Young Reporters category had three winners: Joe Allison (New Zealand)
in Photography, José Encarnación (Puerto Rico) in Writing and Francis
Hema (Ghana) in Broadcasting.
like to thank the Jury, AIPS, Doha for having us, and also my dad, who
is in the crowd, and my mom, who is watching from home. Also thanks to
Getty Images for given me the opportunities. It is an incredible
privilege to be here,” said Allison.
story was also second in Best Colour Piece, and it is the story of the
Camarero racetrack in Puerto Rico, where more than 1400 horses were
euthanised in strange circumstances in the same veterinary. “I like to
thank to my grandfather, who helped me a lot in this investigation, and
passed away shortly after it was published. And I like to thank everyone
that keeps fighting against crime and corruption in sport,” said
Encarnación. “I don’t know where to start. One thing that kept me going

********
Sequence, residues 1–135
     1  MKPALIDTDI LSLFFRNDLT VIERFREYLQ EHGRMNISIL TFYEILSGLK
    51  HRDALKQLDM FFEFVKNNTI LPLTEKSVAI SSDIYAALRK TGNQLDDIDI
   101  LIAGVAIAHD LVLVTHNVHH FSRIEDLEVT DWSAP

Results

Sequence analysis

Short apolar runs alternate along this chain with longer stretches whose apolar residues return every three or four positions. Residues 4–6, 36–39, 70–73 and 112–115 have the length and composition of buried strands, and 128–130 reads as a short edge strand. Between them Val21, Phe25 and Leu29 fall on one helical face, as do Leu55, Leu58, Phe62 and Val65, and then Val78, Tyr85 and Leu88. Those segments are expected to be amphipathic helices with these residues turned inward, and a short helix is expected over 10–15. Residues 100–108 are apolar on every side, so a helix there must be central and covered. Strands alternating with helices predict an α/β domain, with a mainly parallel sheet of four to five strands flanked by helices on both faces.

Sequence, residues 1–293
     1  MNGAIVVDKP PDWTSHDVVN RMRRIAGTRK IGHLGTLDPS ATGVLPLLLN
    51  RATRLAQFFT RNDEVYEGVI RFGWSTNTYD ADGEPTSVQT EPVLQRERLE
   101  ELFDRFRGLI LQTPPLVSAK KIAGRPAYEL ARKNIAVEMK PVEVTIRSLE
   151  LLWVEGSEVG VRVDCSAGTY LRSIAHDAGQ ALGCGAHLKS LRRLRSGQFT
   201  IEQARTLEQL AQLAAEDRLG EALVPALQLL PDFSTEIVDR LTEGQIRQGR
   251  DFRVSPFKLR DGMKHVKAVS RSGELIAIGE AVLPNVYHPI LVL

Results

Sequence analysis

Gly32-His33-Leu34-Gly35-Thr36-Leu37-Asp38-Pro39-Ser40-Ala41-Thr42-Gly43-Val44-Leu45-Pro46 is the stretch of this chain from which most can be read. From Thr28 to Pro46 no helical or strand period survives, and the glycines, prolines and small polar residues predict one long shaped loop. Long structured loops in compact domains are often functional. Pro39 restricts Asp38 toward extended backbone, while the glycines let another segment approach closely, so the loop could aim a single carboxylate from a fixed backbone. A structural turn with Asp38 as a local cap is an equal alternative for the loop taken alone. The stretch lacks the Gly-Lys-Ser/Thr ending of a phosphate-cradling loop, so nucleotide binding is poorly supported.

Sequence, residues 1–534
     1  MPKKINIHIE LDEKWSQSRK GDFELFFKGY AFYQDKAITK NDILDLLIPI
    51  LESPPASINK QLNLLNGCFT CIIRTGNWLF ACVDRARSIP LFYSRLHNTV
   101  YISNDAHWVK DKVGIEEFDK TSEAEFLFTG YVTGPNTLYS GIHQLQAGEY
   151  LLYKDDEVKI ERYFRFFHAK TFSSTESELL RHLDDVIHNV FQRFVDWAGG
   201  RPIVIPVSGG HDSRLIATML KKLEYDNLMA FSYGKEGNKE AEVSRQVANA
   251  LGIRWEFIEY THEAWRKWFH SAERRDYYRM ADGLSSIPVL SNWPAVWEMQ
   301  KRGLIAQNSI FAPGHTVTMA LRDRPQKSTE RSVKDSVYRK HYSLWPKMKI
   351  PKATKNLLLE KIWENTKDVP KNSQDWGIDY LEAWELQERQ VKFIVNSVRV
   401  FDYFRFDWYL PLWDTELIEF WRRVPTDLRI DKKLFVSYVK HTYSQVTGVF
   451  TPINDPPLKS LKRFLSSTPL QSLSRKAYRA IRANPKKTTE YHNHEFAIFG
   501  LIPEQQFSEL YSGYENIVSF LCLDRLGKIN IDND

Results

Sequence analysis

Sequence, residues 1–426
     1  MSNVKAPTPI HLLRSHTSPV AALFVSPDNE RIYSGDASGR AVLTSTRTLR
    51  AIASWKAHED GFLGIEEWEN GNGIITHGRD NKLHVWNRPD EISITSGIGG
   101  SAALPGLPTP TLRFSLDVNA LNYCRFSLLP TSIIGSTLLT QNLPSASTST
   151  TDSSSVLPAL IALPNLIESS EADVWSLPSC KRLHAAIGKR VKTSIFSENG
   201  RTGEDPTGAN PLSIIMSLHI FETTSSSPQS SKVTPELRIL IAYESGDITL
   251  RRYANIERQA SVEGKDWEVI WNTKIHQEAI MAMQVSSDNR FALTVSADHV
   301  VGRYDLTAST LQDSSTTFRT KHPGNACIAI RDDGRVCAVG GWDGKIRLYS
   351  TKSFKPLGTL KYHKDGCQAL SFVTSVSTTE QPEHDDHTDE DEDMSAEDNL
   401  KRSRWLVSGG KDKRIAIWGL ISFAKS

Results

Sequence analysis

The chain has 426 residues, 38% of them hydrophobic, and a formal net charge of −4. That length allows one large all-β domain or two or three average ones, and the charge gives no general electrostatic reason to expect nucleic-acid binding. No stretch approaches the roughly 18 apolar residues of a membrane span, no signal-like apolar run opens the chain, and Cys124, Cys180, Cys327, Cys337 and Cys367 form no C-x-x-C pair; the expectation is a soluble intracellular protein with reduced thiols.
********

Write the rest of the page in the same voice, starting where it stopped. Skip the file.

is the passion”.
Special categories celebrated the career of Joe Lartey (Ghana), a
95-year-old legend for African journalism. “I’ve been saying thank you
since I left Ghana, and was brought here, and I keep saying thank you.
Since the creation of the national association in Ghana, progress was
made. And progress in sports journalism will continue until the end of
time,” said Lartey, who received an outstanding ovation by awardees and
guests in the most emotional moment of the gala.
commendations were given for different subjects. Sport for Hope saw
David Picker (USA) for “A Shared Pastime” (NBC) an emotional video about
the baseball team that was created right after Fukushima disaster in
Japan, to offer a way out of the disaster. Sports for the next
Generation was for Jonatan Taylor (Ireland) for “Mariah, a boxer dream”
(The Olympic Channel), telling the story of a Native American that wants
to go to the next Olympics. Sanket Jain (India) received it for Young
Reporter Special Coverage (People’s Archive of Rural India, India) for a
story about wrestlers which he wrote and photographed. José Ignacio
Pérez Hernández and Miguel Carbonero (Spain) received the a certificate
of merit for Interactive Reportage (Marca, Spain), a modern layout
telling the story of how one man, the current Colombian ambassador in
the US, was kidnapped by Pablo Escobar’s cartel and how football kept